Kadner: New name won’t help south suburban airport
By Phil Kadner firstname.lastname@example.org December 3, 2012 4:58PM
Al McCowan, president of the Abraham Lincoln National Airport Commission. | Larry Ruehl~Sun-Times Media
Updated: January 5, 2013 6:17AM
Jesse Jackson Jr. no longer is a congressman and his Abraham Lincoln National Airport Commission may soon disappear as well, at least in name.
Commission members on Monday said they plan to vote on changing the organization’s name to Chicago Southland Airport Commission at their next meeting, Jan. 7.
There’s already an Abraham Lincoln Capital Airport in Springfield, and private developers interested in financing the airfield near Peotone prefer a name linking it to Chicago, commission members said.
With Jackson gone, the airport project has lost its most visible, vocal and public voice, and there was a sense of urgency at Monday’s ALNAC meeting, which was never officially called to order.
Rick Bryant, executive director of the commission and Jackson’s former chief of staff, said numerous political factors have made it imperative for south suburban communities to band together now.
Bryant said if all the local governments that would benefit from airport construction can’t agree on an airport governance authority, “than maybe we really don’t deserve an airport.”
ALNAC chairman Al McCowan, the former University Park mayor, and fellow member Don DeGraff, the South Holland mayor, indicated a heightened interest in negotiating a compromise with so-called Iron Ring communities in Will County to create a regional consensus behind an airport governing authority.
Those Iron Ring communities in Will County (Crete, Beecher, Monee and Peotone) have refused to join the commission, which includes suburbs from south Cook County as well as Elk Grove Village.
University Park also is a Will County Iron Ring community but is a founding member of ALNAC.
Elk Grove Village Mayor Craig Johnson urged a more aggressive approach to moving the airport forward by forcing candidates in the upcoming 2nd Congressional District special election to take a public stand in support of the airport.
“This is a project that won’t cost taxpayers a penny,” Johnson stressed. “Hold a meeting down there, invite all the candidates, drop the Canadian flag, tell the public that the Canadians are willing to pay for this thing, it will benefit all the people down there and then force the candidates to take a stand.
“What are they going to say? ‘No?’ They would be run out on a rail.”
Johnson warned that without a clear statement of support, the candidates could end up paying lip service to the third airport, but after the election it would not be a priority and “ultimately disappear.”
McCowan expressed displeasure that state Sen. Toi Hutchinson (D-Olympia Fields), one of the congressional candidates, had filed third airport legislation in Springfield without “running the bill by us.”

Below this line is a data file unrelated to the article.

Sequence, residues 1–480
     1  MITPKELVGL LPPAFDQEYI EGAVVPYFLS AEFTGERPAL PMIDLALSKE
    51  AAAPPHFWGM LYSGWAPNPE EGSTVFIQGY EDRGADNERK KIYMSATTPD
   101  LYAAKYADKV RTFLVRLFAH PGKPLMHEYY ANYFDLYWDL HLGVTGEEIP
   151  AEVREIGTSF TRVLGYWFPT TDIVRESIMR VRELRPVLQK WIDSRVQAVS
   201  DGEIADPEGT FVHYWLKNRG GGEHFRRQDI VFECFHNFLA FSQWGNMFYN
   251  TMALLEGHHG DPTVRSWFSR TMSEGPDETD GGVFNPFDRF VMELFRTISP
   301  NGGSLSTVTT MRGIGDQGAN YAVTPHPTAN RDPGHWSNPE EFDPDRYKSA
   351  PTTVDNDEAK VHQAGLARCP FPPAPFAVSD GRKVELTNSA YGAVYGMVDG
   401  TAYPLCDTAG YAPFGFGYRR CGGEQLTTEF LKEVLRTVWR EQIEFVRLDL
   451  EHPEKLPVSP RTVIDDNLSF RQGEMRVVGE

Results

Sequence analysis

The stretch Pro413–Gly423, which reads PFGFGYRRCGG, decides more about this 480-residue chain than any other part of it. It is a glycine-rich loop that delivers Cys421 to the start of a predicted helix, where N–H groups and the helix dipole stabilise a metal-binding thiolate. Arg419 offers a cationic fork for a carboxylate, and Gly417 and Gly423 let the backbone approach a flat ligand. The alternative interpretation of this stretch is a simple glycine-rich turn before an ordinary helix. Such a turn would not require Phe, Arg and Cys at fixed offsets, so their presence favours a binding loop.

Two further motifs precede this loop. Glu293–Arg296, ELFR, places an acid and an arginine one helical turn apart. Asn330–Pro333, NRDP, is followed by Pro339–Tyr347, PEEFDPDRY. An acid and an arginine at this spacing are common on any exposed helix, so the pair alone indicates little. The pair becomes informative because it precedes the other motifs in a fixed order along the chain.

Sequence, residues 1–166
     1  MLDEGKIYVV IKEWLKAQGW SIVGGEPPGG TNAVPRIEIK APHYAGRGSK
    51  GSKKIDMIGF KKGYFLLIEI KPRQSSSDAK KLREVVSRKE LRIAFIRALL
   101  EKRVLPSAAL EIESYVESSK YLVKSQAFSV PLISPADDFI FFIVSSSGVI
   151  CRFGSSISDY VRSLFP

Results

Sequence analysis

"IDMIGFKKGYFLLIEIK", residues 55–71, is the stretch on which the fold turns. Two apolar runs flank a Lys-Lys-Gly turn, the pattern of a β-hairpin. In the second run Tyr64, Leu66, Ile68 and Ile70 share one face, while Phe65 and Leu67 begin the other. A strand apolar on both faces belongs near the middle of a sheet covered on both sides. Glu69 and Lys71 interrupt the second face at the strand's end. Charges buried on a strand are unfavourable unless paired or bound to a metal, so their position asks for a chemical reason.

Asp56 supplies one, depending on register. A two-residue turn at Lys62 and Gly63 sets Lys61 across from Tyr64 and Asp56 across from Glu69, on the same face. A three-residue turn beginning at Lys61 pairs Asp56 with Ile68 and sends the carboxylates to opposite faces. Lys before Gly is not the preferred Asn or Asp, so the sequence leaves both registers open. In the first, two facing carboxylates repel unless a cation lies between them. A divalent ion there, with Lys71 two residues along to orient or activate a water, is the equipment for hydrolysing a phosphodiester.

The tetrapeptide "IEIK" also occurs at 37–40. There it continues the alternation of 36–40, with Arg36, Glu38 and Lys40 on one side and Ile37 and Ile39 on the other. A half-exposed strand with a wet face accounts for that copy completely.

“She hasn’t even returned my messages,” McCowan said. “So what does that tell you? It tells me everything I need to know.”
Hutchinson told me she filed the legislation as a “starting point” toward creating a governing agency for the airport.
“I asked Will County communities and ALNAC members to read it and respond with suggestions, and the Will County communities already have responded and I have heard nothing from ALNAC,” she said.
Hutchinson said her intent is to start new discussions between all the various groups to forge a compromise.
“It make take some time,” Hutchinson said. “You have to be patient.”
She said due to her efforts Crete, Monee, Beecher and Peotone have approved resolutions supporting the third airport.
“That’s a beginning,” she said. “Now we have to work on an agreement regarding a governing commission.”
McCowan and DeGraff said the ALNAC had meetings with the Iron Ring communities several months ago that seemed productive but never moved forward.
They agreed to pursue further meetings with the Will County groups and indicated a willingness to be more flexible than in the past.
If Gov. Pat Quinn doesn’t run for re-election or is defeated when he runs in two years, the next governor might oppose airport construction.
Quinn has said he supports the airport and has bought land for the project but has not recognized any governing authority, a key step before the FAA approves the airport.
State Sen. Donne Trotter (D-Chicago), another candidate in the 2nd District, indicated on a Sunday morning TV show that he thought the state had wasted $67 million buying land for the airport.
ALNAC members voiced fears that Chicago Mayor Rahm Emanuel, who has opposed the airport, would influence both the congressional race and future governor’s race in order to block airport construction.
If south suburban political leaders don’t see that coming, they’re blind.
If they want an airport, they must hammer out an agreement on governance.
Will County officials have indicated to me they believe there might be some federal funding available to construct the airport.
There is none. O’Hare Airport expansion has sucked up every dollar available for airport construction in the United States.
ALNAC has the only private developers who have expressed an interest in building this airport, and they’re backed by the Canadian government.
If the area can’t come together on this project, it will die.
Correction: Registered voters can sign more than one petition for a congressional candidate in the upcoming 2nd Congressional District race, provided those candidates are running in the same party primary (all Democrats or all Republicans).
Also, according to officials with the state board of elections, Democratic candidates will need to collect a minimum of 1,265 signatures on petitions, Republicans 288 and any independent or new party 15,000.